Two Smiths Think Alike
“Vietnam vet has used lessons learned in combat to build Fedex into a global empire, writes David Litterick” in today’s Daily Telegraph (UK), 19 November.
“The military efficiency of the operation would come as no surprise to anyone who has met Fred Smith, the chairman and chief executive who founded the company and an entire industry 30 years ago. A former marine, he has testified to how his time in the military developed his leadership skills and helped him build the firm into the second largest aircraft fleet in the world.
It's all a far cry from the company which started one night in 1971 with just 14 aircraft carrying a measly 184 packages, but then at the time few thought his new venture would succeed. Smith is not keen on talking about the past, particularly the Yale thesis which has now become legendary. But the story shows how ahead of the curve he was when he argued that an ever more computerised world would demand a reliable overnight delivery service.”
Fedex at $30 billion is one of the world’s largest parcel delivery services in the world, along with DHL, UPS, Deutsche Post, TNT, and numerous other state-owned postal services. It is now opening its second global air-hub after Memphis, USA, in Southern China.
"The growth in trade has been the engine that has increased the wealth of the world - no question. It's been tough on individuals who are in professions and in locations that get far more efficient competitors, like Delphi or GM, but that's what Adam Smith figured out two centuries ago.”
Adam Smith considered the future of the ‘carrying trade’ important enough for it to be an economic sector in its own right, after the home trade and foreign trade.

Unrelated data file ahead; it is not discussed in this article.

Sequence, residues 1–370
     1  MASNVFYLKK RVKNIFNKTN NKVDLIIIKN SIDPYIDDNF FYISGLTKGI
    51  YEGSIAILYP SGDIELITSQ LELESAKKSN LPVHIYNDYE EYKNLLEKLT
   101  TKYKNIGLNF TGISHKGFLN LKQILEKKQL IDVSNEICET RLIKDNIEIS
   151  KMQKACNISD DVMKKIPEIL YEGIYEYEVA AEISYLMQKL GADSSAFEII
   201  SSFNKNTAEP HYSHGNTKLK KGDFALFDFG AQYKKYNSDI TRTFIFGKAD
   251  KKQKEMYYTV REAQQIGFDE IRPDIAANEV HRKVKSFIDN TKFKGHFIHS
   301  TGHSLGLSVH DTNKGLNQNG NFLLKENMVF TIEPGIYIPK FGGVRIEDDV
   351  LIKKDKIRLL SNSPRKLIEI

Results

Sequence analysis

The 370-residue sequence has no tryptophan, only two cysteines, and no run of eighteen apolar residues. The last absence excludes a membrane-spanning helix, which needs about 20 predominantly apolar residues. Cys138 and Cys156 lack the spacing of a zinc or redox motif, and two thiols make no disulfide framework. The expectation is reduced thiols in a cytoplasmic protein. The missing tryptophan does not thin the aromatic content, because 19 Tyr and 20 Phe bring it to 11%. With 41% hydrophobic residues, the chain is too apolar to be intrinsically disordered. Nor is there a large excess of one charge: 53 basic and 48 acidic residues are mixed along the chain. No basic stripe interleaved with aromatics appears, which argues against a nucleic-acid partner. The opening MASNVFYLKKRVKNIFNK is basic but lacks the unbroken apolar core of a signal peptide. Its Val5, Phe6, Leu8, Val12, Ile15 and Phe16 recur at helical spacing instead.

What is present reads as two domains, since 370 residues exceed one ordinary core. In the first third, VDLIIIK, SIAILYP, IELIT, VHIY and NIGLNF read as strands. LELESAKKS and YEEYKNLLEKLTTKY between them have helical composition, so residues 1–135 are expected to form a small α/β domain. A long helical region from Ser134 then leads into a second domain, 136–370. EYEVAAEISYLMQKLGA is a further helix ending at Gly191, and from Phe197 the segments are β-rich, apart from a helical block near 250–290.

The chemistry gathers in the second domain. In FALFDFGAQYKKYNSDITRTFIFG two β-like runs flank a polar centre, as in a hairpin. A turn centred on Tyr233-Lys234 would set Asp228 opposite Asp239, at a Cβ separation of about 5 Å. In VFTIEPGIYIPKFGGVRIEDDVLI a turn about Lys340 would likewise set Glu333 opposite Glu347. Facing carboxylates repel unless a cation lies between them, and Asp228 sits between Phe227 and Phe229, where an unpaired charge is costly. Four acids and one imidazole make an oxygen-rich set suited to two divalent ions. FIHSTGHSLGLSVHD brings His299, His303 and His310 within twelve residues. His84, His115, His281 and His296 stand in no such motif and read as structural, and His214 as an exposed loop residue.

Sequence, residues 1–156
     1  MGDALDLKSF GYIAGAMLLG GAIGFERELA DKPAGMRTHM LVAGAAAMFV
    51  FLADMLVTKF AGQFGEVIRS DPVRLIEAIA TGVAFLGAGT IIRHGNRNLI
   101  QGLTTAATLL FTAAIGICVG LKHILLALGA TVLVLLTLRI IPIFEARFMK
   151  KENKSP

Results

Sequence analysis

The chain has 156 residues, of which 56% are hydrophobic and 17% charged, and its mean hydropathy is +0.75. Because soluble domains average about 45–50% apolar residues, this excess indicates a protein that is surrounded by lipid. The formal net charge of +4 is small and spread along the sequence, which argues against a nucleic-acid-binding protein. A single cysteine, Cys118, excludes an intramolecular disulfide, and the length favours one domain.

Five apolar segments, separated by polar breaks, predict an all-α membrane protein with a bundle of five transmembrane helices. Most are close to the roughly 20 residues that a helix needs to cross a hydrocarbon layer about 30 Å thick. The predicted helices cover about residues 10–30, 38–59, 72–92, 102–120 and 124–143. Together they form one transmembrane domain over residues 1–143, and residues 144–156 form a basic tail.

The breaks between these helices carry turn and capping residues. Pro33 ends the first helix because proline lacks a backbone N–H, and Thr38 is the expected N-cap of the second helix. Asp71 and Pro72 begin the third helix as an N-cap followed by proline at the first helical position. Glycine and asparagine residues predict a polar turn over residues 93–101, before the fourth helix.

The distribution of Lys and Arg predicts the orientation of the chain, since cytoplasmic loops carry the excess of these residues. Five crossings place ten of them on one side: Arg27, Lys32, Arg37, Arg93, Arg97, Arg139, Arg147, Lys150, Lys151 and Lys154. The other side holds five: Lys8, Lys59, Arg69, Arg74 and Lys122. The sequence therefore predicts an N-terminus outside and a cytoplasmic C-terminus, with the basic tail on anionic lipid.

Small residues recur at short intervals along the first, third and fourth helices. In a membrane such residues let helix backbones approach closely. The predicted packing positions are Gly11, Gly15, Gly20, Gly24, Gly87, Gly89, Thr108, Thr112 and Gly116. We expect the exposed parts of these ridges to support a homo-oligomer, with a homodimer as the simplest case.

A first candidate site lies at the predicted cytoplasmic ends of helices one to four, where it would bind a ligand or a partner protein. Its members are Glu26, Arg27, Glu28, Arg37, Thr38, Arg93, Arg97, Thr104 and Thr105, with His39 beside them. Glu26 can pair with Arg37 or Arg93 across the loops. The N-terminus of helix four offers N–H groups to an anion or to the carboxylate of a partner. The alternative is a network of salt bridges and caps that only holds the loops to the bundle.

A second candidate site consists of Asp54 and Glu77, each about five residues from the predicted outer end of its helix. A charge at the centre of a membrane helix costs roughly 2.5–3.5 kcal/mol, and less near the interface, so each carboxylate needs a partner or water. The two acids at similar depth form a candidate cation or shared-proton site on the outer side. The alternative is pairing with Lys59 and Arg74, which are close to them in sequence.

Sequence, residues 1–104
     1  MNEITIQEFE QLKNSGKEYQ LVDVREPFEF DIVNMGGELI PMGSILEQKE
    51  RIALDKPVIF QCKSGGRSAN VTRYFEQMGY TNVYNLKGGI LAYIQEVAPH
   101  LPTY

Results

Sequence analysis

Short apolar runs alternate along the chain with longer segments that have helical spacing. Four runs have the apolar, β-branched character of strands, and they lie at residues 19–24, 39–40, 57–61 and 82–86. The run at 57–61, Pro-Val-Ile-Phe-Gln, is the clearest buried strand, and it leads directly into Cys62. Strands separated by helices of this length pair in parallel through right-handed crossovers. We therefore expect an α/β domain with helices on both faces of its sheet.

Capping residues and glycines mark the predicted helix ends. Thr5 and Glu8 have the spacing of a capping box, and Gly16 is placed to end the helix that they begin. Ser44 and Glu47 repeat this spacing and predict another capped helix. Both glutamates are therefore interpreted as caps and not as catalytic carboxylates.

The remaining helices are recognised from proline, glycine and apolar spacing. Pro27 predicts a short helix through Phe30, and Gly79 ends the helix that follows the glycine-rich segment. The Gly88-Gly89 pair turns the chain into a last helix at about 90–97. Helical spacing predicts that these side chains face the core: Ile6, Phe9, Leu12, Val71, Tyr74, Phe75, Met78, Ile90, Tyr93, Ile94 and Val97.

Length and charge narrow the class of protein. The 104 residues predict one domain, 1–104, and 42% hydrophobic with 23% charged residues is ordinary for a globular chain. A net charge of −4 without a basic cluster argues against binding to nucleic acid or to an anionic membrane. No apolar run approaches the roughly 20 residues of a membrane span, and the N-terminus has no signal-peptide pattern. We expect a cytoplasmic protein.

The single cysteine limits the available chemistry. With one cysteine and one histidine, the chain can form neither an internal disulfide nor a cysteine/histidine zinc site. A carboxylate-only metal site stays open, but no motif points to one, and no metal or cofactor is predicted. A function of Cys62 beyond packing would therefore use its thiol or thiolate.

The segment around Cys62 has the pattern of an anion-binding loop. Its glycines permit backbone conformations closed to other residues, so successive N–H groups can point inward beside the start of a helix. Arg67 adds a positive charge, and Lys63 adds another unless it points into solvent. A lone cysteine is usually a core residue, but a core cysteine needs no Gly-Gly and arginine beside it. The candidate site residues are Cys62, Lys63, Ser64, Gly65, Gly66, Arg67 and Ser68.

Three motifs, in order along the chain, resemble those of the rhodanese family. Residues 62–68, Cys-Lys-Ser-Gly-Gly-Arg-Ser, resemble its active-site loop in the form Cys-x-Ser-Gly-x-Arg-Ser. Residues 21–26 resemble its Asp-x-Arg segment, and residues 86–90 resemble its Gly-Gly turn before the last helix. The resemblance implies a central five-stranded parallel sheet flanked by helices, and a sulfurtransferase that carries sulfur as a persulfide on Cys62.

“All wholesale trade, all buying in order to sell again by wholesale, may be reduced to three different sorts. The home trade, the foreign trade of consumption, and the carrying trade. The home trade is employed in purchasing in one part of the same country, and selling in another, the produce of the industry of that country. It comprehends both the inland and the coasting trade. The foreign trade of consumption is employed in purchasing foreign goods for home consumption. The carrying trade is employed in transacting the commerce of foreign countries, or in carrying the surplus produce of one to another.” (Wealth of Nations, II.v.24, page 368)
Fred Smith, FEDEX CEO, makes a point about physical products that is significant for his business:
“Alan Greenspan likes to point out that the US economy has grown by factor of five since the end of World War Two but that the aggregate weight produced by the economy hasn't increased at all. Everything is getting lighter. An increasing percentage of manufactured goods are high-value-added and technology products and these tend to be easy to transport.”
Whereas Adam Smith remarked on the weight to value problems of the 18th century carrying trade acting to inhibit production for distant sale (hence his support for publicly funded programme of road, canal and harbour improvements), the modern global economy has a reverse relationship between weight (important in air transport) and high-value per unit freighted (important in modern business).
Today the main problem is not technology, but institutional barriers to trade with heavy restrictions on air travel aimed at protecting national sensitivities as seen in foreign ownership regulations, the ‘five freedoms’ rules about entering foreign airspace and in outright ‘closed sky’ national laws. Fred Smith (like Adam Smith) has come to the correct conclusion:
“The more trade barriers can be brought down the better.”
Read the full article by David Litterick on Fred Smith of FEDEX at:
http://www.telegraph.co.uk/ (free subscription)